W&N Fiction

Reflections on Arthur C. Clarke: 16th December 1917 – 19th March 2008

Gollancz Author: - March 19th, 2013
Editorial Posts, SF Gateway

Five years ago today, we lost one of our greats. The last of The Big Three. The man who conceived the telecommunications satellite. The creator of one of the only two novels whose dates have become cultural touchstones. The writer whose ‘Third Law‘ is amongst the most quoted (and most misattributed!) in all of modern culture.

Upon hearing the news of Sir Arthur C. Clarke‘s passing, half a decade ago, my first reaction was a kind of numbness. I knew he was 90 years old, I knew he was not in the rudest of health and I knew of course that, to be blunt, people die. But this was different; this was the writer who flipped the switch in my head and opened my eyes to the wonders of science fiction. In many ways, and with all due respect to some wonderful teachers I’ve been lucky enough to learn from over the years, it was Arthur C. Clarke who taught me to think. I devoured his novels and short stories – like we all do when we discover a new favourite – but with Clarke that wasn’t enough; I had to hunt down and read his non-fiction, too: the likes of Profiles of the Future, The View from Serendip, The Lost Worlds of 2001 and Report on Planet Three.

After a day or so to pause and reflect on an extraordinary life and career, I decided to re-read Childhood’s End – one of my great favourites for its iconic imagery, unique take on racial memory and vision of evolutionary destiny – but the night I heard the news, I went to my bookshelves, picked up my hardback of The Collected Stories of Arthur C. Clarke, and renewed acquaintances with some old friends. In truth, I could have read it cover to cover and not been disappointed. Few writers have mastered the short form like Clarke – master of the twist in the tail. There was ‘A Meeting with Medusa’, ‘Against the Fall of Night’, ‘All the Time in the World’, ‘Encounter at Dawn’, ‘Expedition to Earth’,'The Lion of Comarre’,'No Morning After’, ‘Second Dawn’, ‘The Wall of Darkness’ and many, many more.

But with limited time (I didn’t fancy explaining to any of my authors ‘Yeah, sorry I haven’t edited your manuscript yet, I was re-reading every short story Arthur C. Clarke ever wrote …’) I picked what one might, appropriately, call the Big Three: ‘The Sentinel’, which gave birth to 2001: A Space Odyssey, ‘The Nine Billion Names of God’, winner of the 2004 Retro Hugo for works published in 1953, and ‘The Star’, winner of the Hugo Award in 1956 and, to my mind, pretty much the perfect science fiction short story. Now, with five years passed, I might go back and re-visit a few more. ‘Second Dawn’ in particular looks ripe for another reading.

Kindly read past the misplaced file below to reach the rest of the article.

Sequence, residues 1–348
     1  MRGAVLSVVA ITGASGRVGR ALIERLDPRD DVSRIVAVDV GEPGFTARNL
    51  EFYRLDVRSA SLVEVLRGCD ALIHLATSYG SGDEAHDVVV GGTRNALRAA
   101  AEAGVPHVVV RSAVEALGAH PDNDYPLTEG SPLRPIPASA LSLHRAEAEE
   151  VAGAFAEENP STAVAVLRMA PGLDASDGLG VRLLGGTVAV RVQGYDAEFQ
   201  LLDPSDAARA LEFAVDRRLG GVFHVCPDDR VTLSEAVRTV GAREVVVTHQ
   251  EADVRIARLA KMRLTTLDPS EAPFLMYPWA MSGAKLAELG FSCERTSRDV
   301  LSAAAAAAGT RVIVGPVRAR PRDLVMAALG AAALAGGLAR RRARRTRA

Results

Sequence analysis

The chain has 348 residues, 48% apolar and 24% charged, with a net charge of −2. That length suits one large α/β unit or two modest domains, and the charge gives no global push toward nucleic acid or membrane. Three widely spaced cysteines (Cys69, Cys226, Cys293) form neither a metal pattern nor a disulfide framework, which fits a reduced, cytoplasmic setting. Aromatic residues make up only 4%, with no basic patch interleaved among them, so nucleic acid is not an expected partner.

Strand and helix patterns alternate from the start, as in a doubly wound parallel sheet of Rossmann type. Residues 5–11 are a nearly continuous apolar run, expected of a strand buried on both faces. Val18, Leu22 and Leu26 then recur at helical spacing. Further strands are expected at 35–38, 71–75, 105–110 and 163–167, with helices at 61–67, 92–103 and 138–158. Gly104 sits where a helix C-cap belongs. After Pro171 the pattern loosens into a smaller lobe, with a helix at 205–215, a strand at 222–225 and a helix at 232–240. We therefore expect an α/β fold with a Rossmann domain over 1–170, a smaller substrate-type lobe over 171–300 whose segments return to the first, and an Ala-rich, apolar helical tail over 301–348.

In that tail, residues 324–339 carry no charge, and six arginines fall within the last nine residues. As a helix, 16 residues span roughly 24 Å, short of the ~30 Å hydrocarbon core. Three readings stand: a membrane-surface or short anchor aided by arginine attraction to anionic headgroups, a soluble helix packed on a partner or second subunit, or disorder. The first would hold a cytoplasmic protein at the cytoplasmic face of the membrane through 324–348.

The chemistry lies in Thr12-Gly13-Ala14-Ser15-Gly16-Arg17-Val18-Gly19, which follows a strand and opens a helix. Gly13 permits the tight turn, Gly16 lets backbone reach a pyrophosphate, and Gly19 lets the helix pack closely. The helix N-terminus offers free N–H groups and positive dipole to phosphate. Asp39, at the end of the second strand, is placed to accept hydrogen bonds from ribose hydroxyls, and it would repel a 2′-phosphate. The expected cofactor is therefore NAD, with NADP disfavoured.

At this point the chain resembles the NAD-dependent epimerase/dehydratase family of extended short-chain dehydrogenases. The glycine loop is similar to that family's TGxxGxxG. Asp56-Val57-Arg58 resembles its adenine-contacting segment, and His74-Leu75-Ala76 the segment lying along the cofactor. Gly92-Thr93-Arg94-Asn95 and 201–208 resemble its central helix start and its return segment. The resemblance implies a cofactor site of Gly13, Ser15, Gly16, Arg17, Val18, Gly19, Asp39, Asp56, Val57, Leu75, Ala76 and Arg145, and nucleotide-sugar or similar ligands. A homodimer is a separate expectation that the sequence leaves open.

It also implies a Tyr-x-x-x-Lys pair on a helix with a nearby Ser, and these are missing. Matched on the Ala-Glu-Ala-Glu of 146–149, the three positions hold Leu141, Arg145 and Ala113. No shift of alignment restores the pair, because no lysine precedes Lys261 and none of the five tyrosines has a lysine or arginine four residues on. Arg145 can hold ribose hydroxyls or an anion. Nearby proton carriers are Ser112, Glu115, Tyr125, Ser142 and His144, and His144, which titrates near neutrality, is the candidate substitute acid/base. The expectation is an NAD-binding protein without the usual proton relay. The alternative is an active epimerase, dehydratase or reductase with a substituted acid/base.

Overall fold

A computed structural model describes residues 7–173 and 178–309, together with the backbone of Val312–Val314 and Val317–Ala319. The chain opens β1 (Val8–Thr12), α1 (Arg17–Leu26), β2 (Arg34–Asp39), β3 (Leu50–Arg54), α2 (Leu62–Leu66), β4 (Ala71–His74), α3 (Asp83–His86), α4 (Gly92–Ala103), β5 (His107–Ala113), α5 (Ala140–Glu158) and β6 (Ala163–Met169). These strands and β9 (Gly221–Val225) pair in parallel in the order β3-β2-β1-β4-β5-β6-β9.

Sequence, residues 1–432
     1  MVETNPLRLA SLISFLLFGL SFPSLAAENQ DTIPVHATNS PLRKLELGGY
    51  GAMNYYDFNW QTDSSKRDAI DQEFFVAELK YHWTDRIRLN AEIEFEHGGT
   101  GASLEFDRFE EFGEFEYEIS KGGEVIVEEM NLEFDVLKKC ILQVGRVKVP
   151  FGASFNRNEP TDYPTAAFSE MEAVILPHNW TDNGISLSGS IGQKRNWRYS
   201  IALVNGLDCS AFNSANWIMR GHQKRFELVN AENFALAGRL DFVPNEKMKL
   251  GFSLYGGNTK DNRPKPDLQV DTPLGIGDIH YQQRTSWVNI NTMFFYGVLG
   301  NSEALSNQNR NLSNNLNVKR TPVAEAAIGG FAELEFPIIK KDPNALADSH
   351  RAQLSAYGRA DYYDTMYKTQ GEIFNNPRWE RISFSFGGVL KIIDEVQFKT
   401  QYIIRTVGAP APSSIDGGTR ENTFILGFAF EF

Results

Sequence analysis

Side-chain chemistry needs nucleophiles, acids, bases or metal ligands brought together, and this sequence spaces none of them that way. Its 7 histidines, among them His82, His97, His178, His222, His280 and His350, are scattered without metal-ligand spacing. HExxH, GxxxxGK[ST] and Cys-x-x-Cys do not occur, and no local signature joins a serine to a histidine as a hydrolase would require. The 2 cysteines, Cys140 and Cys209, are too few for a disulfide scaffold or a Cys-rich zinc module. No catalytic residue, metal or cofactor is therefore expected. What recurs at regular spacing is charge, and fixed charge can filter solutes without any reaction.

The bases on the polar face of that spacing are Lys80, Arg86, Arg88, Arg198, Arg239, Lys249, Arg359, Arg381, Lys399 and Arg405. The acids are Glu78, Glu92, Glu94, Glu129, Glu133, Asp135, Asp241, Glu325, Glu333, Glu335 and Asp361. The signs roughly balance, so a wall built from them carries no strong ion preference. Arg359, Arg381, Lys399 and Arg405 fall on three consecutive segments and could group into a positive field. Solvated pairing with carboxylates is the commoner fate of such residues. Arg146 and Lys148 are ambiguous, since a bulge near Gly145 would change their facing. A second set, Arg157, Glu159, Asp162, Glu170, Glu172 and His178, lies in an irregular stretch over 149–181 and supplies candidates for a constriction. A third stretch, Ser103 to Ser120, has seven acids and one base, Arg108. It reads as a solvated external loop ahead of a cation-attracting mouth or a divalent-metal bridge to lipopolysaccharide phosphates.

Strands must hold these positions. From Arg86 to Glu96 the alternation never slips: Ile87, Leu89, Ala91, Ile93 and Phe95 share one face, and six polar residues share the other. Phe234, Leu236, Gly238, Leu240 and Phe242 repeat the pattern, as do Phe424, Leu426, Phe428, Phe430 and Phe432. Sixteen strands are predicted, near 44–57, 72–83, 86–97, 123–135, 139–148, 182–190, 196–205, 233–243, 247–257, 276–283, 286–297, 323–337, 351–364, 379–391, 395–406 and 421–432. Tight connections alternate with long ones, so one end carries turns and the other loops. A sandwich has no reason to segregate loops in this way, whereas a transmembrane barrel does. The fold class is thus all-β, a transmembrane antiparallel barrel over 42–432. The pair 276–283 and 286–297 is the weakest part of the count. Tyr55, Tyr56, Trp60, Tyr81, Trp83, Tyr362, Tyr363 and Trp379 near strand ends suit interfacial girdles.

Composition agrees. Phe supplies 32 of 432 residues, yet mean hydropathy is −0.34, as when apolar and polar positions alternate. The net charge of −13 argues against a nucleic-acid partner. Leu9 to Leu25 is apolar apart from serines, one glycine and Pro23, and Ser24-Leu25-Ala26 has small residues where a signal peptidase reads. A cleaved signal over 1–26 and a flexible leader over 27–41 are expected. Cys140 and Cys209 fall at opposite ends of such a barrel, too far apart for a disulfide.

If Arthur C. Clarke had written nothing more than Rendezvous with Rama, his place in the canon would be assured. That novel won the Hugo, Nebula, John W. Campbell, BSFA, Locus, Jupiter and Seiun Awards. But he also gave us Childhood’s End, The City and the Stars, 2001: A Space Odyssey, The Fountains of Paradise (winner of both the Hugo and Nebula Awards) and a horde of wonderful short fiction; he conceived of the telecommunications satellite (in the article ‘Extra-Terrestrial Relays: Can Rocket Stations Give World-wide Radio Coverage?’ published in Wireless World, in October 1945), was involved in the development of the radar defence system during the Second World War, gave us Clarke’s Three Laws, commentated on several of the Apollo lunar landings, including Apollo 11, and endowed the Arthur C. Clarke Award. Some career.

In a post I wrote for the Orbit website the day after Clarke passed away I said:

If you’d asked me as a teenager what reading Arthur C. Clarke felt like, I’d have said ‘having my brain pried open and the universe poured in’.

Five years later I see no reason to change my opinion. Arthur C. Clarke wrote fiction and non-fiction with the same sense of wonder, and though he may be gone, his legacy lives on in those of us who now look at the universe through a Clarkean lens. As to how to express what we see through that lens, I’ll leave it to the man himself:

The thing’s hollow – it goes on forever – and – oh my God – it’s full of stars!

 

Sir Arthur C. Clarke continues to contribute to the advancement of science and the improvement of health, education and the quality of life for people everywhere – especially in developing countries – through the work of the Arthur C. Clarke Foundation.

This post first appeared on All of Time and Space: Thoughts from the SF Gateway.

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